When it comes to children’s behavior, a parent’s first question is usually, “What should I do?” We tend to want to fix it or get it under control. But it’s important to understand that the behaviors we see in our children are merely the tip of the iceberg; the bulk of behavior issues stem from below the surface. What we see on the surface is a natural extension of the development that’s occurring underneath. Rather than fight against it, parents will find more success in working with a child’s development to teach behavior.
Take a look at these four examples of the earliest stages of child development to understand a ‘working with’ approach rather than a ‘doing to’ approach to discipline.
Age one: My baby doesn’t listen to “No!”
Development – From birth to age two is a child’s sensorimotor stage of development. During this age, children are hard-wired to explore their environment using all of their senses. This means they will touch, pick up, grab, bite, pinch, throw, smear and put absolutely everything they can into their mouths in an effort to understand the world around them. This exploration may mean that someone gets hurt, property is destroyed or the child’s own safety is compromised. It’s not purposeful, and it’s not malicious. It’s simply a baby’s underdeveloped instinct to learn.
It’s tempting to think that the more often or more firmly you tell a young child “no”, the more they will remember it and behave differently next time. But a one-year-old child does not have mature enough brain development to stop themselves from adhering to “no”. So, no matter how many times you tell your child, they simply do not have the neural connection to stop, remember your words, think through the options and decide not to act. It’s not that babies don’t listen; it’s that they lack sufficient brain development to acknowledge, comprehend and think logically about a “no”.
‘Working with’ tips
• Try working with your baby’s natural inclination to explore and learn by being proactive. Create a ‘yes’ environment in which there are no ‘nos’. Babyproof, block, pad, raise and lock away all of the nos so you’re left only with yesses. Yes, you can climb on this furniture. Yes, you can explore these cabinets. Yes, you can throw any of these soft balls. Yes, you can roll around this room. Support their learning while keeping them safe.
• There will be times when keeping your young child in a ‘yes’ environment is not possible. In those cases, stay close to your child to physically prevent them from unsafe behavior. Knowing that they cannot logically understand why they shouldn’t throw a rock, ensure that you are close enough to step in and physically remove the rock from their hand. Gently undo their grip from their sister’s hair. Move your child to another area to prevent them from touching Grandma’s knick-knacks.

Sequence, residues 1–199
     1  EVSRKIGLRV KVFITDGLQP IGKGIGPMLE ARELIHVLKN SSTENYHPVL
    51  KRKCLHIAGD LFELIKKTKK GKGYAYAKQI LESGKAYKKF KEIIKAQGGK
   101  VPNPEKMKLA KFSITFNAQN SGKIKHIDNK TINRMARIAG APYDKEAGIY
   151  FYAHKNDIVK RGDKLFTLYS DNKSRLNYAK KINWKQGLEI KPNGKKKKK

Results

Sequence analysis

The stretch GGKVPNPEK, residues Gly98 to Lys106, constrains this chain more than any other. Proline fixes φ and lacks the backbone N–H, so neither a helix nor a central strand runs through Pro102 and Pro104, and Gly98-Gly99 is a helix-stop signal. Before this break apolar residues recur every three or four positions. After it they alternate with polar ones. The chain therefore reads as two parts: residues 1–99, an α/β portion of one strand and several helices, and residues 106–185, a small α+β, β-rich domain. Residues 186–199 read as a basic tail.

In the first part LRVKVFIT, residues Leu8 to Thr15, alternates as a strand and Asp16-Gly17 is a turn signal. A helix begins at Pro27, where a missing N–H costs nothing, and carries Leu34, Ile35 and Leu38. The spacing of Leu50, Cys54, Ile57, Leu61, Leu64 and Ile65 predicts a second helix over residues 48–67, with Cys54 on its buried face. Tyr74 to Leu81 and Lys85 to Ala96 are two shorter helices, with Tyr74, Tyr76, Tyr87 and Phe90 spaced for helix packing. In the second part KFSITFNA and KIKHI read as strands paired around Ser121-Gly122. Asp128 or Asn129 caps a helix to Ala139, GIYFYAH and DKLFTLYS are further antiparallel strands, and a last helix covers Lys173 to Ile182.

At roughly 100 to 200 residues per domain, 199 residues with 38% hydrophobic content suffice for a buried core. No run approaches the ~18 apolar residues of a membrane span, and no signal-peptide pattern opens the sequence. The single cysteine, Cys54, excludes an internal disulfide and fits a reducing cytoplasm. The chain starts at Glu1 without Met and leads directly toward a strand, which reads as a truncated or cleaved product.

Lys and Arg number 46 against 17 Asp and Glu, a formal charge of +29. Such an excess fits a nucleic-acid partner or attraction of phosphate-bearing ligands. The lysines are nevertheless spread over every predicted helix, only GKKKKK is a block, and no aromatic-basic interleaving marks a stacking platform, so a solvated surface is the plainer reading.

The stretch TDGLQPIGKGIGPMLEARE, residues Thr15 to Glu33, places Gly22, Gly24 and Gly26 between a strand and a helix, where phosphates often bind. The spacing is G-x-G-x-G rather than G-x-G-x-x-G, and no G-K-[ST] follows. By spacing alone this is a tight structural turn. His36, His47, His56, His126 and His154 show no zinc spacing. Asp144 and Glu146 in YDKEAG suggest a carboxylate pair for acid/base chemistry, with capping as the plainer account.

• Be available to redirect your child’s energy when necessary. If they’re focused on throwing, give them something safe to throw. If they really want to clang glass figurines together, substitute something noisy and unbreakable in their hands. If your child is inclined to reach out and swat, pinch or grab whoever is nearby, give them a small toy they can manipulate with their hands. Rather than stand firm and assert, “No!”, take that same energy your child has for using their senses, and refocus it on something that is safe and appropriate. Turn a ‘no’ into a ‘yes’.
Age two: My toddler is constantly throwing fits!
Development – As children enter the twos, so begins the age of autonomy. Toddlers become self-assured in their increasing mobility, and they are able to accomplish so many tasks for themselves. They are developing confidence in themselves and a sense of awareness in their bodies. They are becoming capable. Along with this newfound sense of independence comes a natural increase of limits. Toddlers are not capable of making logical decisions, so we help them by setting limits around health and safety - though our well-intentioned limits don’t always agree with what our little ones have in mind. The difference between a toddler’s priorities of, ‘I want to do it!’ and our priorities of, ‘No, you may not,’ combines with their burgeoning sense of autonomy to create the perfect recipe for a tantrum.
During the twos, the midbrain (the emotional brain) and the prefrontal cortex (the logical brain) have poor connection and communication. So while a child’s emotional brain is capable of feeling strong feelings, their logical brain is not capable of appropriately acting on those feelings. The resulting behavior is a “flipped lid” or emotional meltdown in which they express their feelings in the only way their brain is capable of: yelling, crying and carrying on.
‘Working with’ tips
• Remember that while it is unpleasant, a tantrum is normal and very appropriate for a two-year-old, so do your best to stay calm. A child’s brain has mirror neurons that pick up on the emotional state of their environment. In other words, calm begets calm. It’s okay to step away from the fit for a few minutes to collect yourself and refocus.
• Allow for tears. It is important to teach children that their feelings are always okay and are not something to suppress, hide or be ashamed of. Trying to stop a toddler’s tantrums resists their natural development and only causes more friction in your relationship. Instead of punishing a child for having a tantrum, accept the feelings you’re hearing, and let your child know that it’s okay to cry. This is the first step for them to learn the skills to handle such feelings.